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EPCAMH Call for Papers: Special Issue on Bilingual Youth Mental Health Services

Evidence-Based Practice in Child and Adolescent Mental Health (EPCAMH) is now accepting papers
for a special issue focused on considerations in bilingual child and adolescent clinical care delivery,
research, assessment, and training, guest edited by Dr. Hannah Jones, Vanesa Ringle and Dr. Maciel Campos.

Submissions are due February 15, 2024.

According to the U.S. Census, 67.8 million people in the U.S. speak a language other than English at home, with Spanish being the most common. Our field has recognized that there is a growing need for clinical child and adolescent psychologists to provide care in languages other than English. As the workforce begins to grow in bilingual providers, there is an increasing need to for specialized research, support, and training. Furthermore, there are longstanding disparities in access to services, quality of care, and in the evidence-base that supports the implementation and delivery of effective mental health services to linguistically diverse youth, families, and communities. Addressing these needs requires coordinated efforts to center bilingualism in the scientific knowledge base, articulate and define clinical guidelines and best practices for bilingual service delivery to youth and families, and recognize unique supports for bilingual training and program development.

This special issue seeks to highlight work that is at the forefront of bilingualism. Papers may focus on a range of issues relevant to bilingualism (broadly defined) within child and adolescent mental health services including, but not limited to:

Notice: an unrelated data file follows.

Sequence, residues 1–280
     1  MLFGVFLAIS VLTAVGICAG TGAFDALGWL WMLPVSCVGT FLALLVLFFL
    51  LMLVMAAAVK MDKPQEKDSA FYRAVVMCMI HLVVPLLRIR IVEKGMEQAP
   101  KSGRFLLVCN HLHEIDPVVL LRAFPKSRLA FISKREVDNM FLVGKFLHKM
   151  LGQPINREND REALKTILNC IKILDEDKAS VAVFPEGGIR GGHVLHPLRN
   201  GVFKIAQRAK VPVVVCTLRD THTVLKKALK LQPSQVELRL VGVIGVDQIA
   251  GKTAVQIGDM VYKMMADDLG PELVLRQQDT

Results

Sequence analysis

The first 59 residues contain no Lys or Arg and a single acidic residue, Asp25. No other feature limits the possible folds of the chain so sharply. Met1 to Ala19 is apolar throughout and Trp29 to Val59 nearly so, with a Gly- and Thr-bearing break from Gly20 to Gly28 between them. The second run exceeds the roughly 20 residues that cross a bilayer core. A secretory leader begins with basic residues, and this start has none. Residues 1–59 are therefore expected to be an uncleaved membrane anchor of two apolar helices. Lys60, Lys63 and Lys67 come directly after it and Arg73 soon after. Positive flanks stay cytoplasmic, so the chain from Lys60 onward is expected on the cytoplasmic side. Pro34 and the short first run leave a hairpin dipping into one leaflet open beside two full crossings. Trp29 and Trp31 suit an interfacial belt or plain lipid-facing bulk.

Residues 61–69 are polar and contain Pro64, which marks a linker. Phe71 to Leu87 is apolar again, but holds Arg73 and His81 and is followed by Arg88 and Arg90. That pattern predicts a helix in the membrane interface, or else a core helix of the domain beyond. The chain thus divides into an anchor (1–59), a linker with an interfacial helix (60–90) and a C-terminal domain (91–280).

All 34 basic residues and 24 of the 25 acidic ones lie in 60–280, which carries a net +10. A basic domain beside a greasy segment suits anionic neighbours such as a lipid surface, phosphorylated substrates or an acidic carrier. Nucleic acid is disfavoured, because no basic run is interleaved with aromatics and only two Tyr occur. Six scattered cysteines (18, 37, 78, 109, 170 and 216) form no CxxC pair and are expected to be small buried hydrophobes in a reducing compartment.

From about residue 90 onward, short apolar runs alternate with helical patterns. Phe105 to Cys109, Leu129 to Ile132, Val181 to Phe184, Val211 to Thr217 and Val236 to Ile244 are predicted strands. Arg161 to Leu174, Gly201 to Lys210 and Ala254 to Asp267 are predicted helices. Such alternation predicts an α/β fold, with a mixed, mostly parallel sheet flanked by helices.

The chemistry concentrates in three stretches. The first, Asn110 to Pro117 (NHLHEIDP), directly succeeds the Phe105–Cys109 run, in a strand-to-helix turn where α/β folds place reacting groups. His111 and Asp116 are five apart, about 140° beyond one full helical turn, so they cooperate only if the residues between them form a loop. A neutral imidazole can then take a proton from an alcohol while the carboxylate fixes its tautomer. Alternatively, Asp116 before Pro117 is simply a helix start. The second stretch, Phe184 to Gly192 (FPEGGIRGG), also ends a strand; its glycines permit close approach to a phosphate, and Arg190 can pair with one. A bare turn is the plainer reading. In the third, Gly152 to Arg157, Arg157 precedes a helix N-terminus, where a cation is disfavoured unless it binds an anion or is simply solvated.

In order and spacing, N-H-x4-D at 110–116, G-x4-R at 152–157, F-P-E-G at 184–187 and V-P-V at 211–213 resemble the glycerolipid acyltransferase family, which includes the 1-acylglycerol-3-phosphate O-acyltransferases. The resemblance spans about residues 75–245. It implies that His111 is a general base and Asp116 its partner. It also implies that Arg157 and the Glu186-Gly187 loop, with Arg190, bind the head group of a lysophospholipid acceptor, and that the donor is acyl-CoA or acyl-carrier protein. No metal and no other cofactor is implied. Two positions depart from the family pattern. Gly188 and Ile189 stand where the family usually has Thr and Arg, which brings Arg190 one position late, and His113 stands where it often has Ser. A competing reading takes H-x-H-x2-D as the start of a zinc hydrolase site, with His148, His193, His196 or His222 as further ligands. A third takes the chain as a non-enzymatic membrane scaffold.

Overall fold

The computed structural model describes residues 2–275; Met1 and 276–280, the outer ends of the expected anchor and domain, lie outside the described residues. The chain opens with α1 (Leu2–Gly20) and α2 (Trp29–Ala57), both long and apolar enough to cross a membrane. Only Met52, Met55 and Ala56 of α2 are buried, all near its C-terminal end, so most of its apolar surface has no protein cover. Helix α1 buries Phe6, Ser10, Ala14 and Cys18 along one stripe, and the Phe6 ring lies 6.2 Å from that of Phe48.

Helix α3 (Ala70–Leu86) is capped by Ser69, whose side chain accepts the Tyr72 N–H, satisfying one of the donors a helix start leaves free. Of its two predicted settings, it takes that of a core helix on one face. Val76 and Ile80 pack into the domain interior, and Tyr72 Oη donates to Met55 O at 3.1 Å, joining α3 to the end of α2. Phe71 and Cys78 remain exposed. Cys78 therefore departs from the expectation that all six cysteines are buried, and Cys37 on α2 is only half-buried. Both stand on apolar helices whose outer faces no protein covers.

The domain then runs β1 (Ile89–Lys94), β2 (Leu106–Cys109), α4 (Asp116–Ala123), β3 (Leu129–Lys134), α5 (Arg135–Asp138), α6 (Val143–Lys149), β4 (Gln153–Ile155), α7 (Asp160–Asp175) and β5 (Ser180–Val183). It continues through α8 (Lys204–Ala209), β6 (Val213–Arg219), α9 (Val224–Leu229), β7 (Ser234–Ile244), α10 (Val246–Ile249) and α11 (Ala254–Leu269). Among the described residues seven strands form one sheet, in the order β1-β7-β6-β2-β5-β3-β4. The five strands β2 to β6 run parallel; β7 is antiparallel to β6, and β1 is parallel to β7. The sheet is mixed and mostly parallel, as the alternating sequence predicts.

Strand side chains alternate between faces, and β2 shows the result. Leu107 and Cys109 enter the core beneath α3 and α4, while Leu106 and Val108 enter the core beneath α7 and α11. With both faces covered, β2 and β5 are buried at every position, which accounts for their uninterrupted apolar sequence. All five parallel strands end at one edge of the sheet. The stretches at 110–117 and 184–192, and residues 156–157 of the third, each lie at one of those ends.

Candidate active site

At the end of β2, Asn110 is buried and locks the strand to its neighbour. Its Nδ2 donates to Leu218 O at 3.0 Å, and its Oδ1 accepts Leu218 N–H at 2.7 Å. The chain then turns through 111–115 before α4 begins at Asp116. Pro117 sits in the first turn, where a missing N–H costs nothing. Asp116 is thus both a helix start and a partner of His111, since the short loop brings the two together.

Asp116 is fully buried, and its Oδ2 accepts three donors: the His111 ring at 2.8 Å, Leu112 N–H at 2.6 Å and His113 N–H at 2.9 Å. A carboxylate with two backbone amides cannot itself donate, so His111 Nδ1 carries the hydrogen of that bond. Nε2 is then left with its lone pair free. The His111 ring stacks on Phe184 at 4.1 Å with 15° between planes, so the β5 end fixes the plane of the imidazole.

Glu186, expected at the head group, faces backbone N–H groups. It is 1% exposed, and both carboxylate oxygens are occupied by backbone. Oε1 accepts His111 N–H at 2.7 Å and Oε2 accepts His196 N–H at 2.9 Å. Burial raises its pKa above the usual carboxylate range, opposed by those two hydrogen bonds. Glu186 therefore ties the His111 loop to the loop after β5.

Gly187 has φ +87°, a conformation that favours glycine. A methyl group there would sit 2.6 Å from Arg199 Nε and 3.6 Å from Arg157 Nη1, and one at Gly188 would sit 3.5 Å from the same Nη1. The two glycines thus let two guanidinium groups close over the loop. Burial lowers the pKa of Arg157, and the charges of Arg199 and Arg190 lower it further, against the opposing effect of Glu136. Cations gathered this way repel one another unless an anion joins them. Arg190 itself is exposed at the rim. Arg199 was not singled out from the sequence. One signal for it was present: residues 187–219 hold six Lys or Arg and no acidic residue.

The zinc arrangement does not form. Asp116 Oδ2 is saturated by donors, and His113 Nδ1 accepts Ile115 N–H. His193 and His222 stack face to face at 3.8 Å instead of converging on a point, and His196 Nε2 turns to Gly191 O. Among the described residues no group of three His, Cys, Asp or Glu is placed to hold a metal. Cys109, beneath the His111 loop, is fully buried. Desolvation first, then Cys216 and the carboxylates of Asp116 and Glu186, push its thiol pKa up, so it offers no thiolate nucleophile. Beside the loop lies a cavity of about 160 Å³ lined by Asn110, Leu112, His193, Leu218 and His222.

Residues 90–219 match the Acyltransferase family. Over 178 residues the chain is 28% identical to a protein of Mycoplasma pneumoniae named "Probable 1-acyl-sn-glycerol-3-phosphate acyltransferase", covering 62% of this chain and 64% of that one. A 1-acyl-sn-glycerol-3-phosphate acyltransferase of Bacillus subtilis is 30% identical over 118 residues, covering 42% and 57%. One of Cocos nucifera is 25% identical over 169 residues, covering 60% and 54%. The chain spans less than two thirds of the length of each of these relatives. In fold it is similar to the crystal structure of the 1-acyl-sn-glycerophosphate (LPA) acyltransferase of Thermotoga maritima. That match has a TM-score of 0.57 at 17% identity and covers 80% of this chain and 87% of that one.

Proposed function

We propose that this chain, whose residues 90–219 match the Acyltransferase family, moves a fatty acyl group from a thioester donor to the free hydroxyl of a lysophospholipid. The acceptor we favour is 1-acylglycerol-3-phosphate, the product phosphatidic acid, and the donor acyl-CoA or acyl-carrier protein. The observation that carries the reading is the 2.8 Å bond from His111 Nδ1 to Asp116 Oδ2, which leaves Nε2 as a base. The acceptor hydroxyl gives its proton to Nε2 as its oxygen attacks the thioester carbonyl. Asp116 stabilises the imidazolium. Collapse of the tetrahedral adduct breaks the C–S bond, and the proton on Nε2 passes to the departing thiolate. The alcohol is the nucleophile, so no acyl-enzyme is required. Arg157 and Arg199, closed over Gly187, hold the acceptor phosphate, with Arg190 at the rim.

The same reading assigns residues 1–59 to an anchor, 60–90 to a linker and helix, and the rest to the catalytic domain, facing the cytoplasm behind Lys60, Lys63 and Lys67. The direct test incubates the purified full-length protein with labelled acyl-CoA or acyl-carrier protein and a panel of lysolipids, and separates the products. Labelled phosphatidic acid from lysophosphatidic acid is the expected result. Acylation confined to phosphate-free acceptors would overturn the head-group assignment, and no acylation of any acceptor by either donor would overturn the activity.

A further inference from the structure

• Guidelines, best practices, and innovations in development of bilingual health service psychology with linguistically diverse youth and families
  • Guidelines and best practices for supervising bilingual trainees (for monolingual providers as well as bilingual providers)
  • Competencies for bilingual providers and trainees, including language proficiency standards
  • Bilingual training program development at the graduate school, pre-doctoral internship, and post-doctoral fellowship program levels
  • Ethical challenges and considerations for working with linguistically diverse youth and families
  • Unique challenges, demands, expectations, and calls to action for bilingual providers
    • What should monolingual colleagues know about being a bilingual provider?
    • Navigating different language preferences in one encounter
  • Student, trainees, and early career providers describing lived experience as bilingual providers
    • Working with limited resources
    • Bilingual brokering in health service delivery
    • Working as a non-Spanish speaking bilingual provider
    • Working without bilingual training support / supervision
    • Tips for negotiating adequate compensation for bilingual skills

Additional topics are welcome for consideration, please reach out to Dr. Hannah Jones for questions.

We welcome papers utilizing diverse forms of methodology including, but not limited to, community-based participatory research, well-conducted randomized controlled trials, qualitative and mixed method investigations, program evaluation, and systematic reviews and meta-analyses. Authors should remember that EPCAMH is a practice-oriented journal and submissions should be of clinical utility to practicing clinicians. Given the focus of the Journal, papers should address the evidence that supports clinical recommendations.

For questions, please email Dr. Hannah Jones at